“Slow-down,” I tell my boy.  He is talking fast.  With great animation, he explains the neighborhood that he is drawing, bold marker lines quickly scrawled around and between the houses – Christmas lights!  Our boy’s speech and demeanor mirror the exhilaration of the holiday season.

In years past, I found myself approaching the Christmas season with uneasiness, even a sense of dread.  While the hustle and bustle of the holidays brings out the excitement in the best of us, for a child with autism, the very things that we associate with this joyful time of the year can quickly produce too much stimulation.  And, with too much stimulation,   bouts of wild hyperactivity, anxiety and  intense meltdowns have a way of wreaking havoc on a household throughout the whole season.  As you might guess, these types of behaviors are not conducive to feeling the holiday spirit!

I am learning from my boy, though.  He is teaching ME to slow-down.  I carefully consider my yeses for the season and graciously  say no to the unnecessary.  I say yes to Christmas shopping early and online, affording the gift of more time and less exposure to the frenzied energy of crowded stores.  Slowing-down also means that I enjoy feasting my eyes on the festive lights and greenery donning our neighbor’s homes while being content with keeping things simple at our house –  needle point stockings hung on the mantle, a  pre-lit Christmas tree decorated by my little ones, an heirloom manger scene and a spiral wooden Advent wreath marking Mary’s journey to Bethlehem.  We are also saying yes to a  trip on the Santa train, my husband’s work party, a play (something special just for my husband and me!), a family gathering and the Christmas Eve service at church.  As we make these choices to say yes or no, we are honoring the needs of our family and allowing room to breathe, to be fully present in the moment.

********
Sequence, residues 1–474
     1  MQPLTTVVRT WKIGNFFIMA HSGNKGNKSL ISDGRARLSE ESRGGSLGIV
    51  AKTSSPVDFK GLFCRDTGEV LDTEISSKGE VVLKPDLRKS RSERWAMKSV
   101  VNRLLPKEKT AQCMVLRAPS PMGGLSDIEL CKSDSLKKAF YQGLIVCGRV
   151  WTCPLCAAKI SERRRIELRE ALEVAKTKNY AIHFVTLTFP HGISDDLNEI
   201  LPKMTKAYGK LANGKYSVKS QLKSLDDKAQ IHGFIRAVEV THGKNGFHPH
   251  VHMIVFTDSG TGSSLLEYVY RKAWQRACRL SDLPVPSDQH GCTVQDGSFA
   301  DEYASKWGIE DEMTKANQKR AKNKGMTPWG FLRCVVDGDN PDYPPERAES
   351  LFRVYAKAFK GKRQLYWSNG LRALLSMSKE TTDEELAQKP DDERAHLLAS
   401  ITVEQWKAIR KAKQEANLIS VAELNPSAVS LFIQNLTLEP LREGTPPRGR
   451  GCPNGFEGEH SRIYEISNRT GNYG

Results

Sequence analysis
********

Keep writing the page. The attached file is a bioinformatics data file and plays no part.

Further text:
In the act of slowing-down, are the holidays perfect at our house? No.  My boy and girl still fight over whose turn it is to open the doors to our Advent book each evening and who gets to move Mary towards Bethlehem on her donkey.  And, I still have to remind myself to take a deep breath as our boy talks fast and they both romp through the house.  The difference comes in the form of a more relaxed mom – A mom who is better able to respond to her children in a calmer, more rational manner.   In learning how to set the stage for more grace-filled moments and less tension, I am better able to keep the joy in the season!

Thank you, God, for giving me this gift of my son who needs me to slow-down.  For, in the slowing-down, I find the peace and calm where Your Son, Jesus, is born.

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